Frequently Asked Questions

There are several things to consider before starting radiation therapy. Here are common questions we receive and links to other resources. Please click on each question for the answer.

If you have other questions or need more information, please call our office at 505.727.7900.

Treatment Information

Radiation therapy is form of cancer treatment that uses high-energy particles to destroy or damage cancer cells. Once the cancer cells are damaged, they are not able to grow or spread throughout the body. Although normal cells are affected by the radiation, they are able to repair themselves, unlike cancer cells.

Radiation therapy is a very common treatment for cancer and can be used alone or with other cancer treatments, such as chemotherapy or surgery.

Radiation therapy can be used to cure cancer by shrinking the tumor prior to surgery, eliminating the tumor or killing cancer cells after chemotherapy or surgery. Radiation therapy can also be used to reduce symptoms and side effects of cancer by shrinking the size of the tumor to relieve pain or improve quality of life.

External beam radiation therapy: your treatment team uses a linear accelerator outside of your body to direct beam(s) of radiation are directed through your skin to the cancer tumor and surrounding area. The radiation is able to destroy the tumor and any nearby cancer cells.

Brachytherapy: your treatment team will place radioactive sources in or just next to a tumor. These may be left in place permanently or only temporarily, depending upon your cancer.

Your safety is our first priority when delivering radiation therapy. Before you begin radiation therapy, your treatment team will design a treatment plan that is effective and safe. Treatment will be carefully planned to focus on the cancer while avoiding healthy organs in the area. The team will continually check the plan during your treatment to make sure it is still accurate and safe for you.

During external beam radiation therapy, the radiation will leave your body and you will not be radioactive after treatment ends. However, if you undergo brachytherapy, tiny radioactive sources will be implanted inside your body, either temporarily or permanently. Your radiation oncologist will explain any special precautions that you or your family and friends may need to take.

Be sure to discuss any concerns or fears that you might have with your treatment team. They are here to answer your questions.

You may be wondering what to expect if you are receiving radiation therapy. Here is some information to help you prepare.

Before Treatment

You will first meet with a radiation oncologist to determine if radiation therapy will be helpful in treating your cancer. Your case will usually be discussed with a multidisciplinary team to individualize your treatment plan.

Once you have decided on radiation therapy, your body and tumor will be measured in a process called “simulation.” This measurement helps direct the radiation beams more accurately.

Following simulation, your radiation oncologist and treatment team will develop a treatment plan based on your simulation measurements and previous medical tests. Their goal is to provide an effective treatment that limits radiation exposure to your healthy tissue. Your treatment team will test this plan on the linear accelerator to ensure their treatment plan is accurate and safe.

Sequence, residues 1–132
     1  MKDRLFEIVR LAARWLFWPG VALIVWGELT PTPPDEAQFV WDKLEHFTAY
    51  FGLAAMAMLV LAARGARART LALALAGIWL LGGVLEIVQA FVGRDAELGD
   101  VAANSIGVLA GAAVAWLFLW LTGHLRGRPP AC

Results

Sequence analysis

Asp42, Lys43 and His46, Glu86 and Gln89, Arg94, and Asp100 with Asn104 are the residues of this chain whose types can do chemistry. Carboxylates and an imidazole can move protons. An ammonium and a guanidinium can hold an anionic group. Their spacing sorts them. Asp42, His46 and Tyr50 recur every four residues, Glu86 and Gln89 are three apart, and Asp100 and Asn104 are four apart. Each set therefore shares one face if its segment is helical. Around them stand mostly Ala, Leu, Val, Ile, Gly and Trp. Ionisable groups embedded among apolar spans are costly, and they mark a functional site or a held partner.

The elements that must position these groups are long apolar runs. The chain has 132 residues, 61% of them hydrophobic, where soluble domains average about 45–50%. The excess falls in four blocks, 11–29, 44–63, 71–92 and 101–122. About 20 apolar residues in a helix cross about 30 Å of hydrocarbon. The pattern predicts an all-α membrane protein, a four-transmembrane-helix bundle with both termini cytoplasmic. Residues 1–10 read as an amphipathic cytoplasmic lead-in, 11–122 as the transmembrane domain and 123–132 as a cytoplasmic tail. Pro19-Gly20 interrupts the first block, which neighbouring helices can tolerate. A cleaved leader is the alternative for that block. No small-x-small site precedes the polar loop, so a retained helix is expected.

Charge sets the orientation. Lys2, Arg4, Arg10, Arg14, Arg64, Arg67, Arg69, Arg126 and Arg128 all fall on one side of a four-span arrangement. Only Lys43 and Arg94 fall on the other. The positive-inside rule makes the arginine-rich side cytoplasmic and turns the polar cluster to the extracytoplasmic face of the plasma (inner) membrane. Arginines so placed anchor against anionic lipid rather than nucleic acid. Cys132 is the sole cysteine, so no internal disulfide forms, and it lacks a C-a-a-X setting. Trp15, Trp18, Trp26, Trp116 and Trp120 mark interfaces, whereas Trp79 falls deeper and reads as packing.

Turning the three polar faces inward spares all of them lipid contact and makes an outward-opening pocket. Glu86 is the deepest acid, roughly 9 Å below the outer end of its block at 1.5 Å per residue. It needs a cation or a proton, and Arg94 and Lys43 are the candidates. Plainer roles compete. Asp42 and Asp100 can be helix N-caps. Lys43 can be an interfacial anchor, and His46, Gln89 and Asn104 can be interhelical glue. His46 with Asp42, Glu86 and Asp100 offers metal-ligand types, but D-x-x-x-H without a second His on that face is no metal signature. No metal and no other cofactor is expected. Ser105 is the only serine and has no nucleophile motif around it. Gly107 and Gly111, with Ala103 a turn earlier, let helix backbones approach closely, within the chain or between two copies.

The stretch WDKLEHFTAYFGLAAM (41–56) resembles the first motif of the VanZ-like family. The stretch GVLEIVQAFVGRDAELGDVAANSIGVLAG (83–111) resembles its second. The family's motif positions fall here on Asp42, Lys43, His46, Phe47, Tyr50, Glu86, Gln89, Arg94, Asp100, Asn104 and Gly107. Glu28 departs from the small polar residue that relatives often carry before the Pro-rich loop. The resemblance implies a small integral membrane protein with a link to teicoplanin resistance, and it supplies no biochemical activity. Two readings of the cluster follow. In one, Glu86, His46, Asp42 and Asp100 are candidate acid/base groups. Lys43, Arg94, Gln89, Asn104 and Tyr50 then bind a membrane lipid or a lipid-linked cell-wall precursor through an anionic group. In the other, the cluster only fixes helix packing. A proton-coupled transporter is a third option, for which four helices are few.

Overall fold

During Treatment

External beam radiation therapy treatment is painless, non-invasive and can be given in a series of outpatient appointments.

Your radiation therapist will position you, set up the equipment and deliver the external beam treatment from a control room next door where they can monitor you from a television screen. You can always use the microphone to speak to the therapist if you are uncomfortable or need to stop the session at any time.

Your radiation oncologist will review your daily records and may make adjustments to the dose or request further tests based on these observations. Treatments are usually scheduled for five days a week and it’s best to make every appointment. In addition to your treatment appointments, you will have weekly check-ups with your radiation oncologist and nurse to discuss your progress.

After Treatment

Once your radiation therapy is complete, you will have several follow-up appointments to ensure your recovery is going well. Your radiation oncologist will continue to meet with other doctors treating your cancer and share these reports.

As your recovery progresses, you will have less frequent appointments with your radiation oncologist. We recommend continuing appointments though, to monitor any long-term side effects from the radiation. Your treatment team is always an available resource to you following your treatment.

Although there will be side effects from radiation therapy, they are usually temporary, mild, treatable and located around the area being treated, such as mild irritation.

The most common side effect you may experience is fatigue, so it’s important to take time to rest during your treatment. Long term side effects are rare, but can occur. Be sure to discuss any concerns you may have about long term side effects with your radiation oncologist.

Radiation therapy is a major component of your cancer treatment, but there are some things you can do at home as well.

  1. Get plenty of rest.
  2. Follow your doctor’s orders.
  3. Eat a healthy diet.
  4. Stay hydrated.
  5. Treat the skin that is exposed to radiation with extra care.
  6. Seek out support.

For more helpful information about radiation therapy, visit these websites: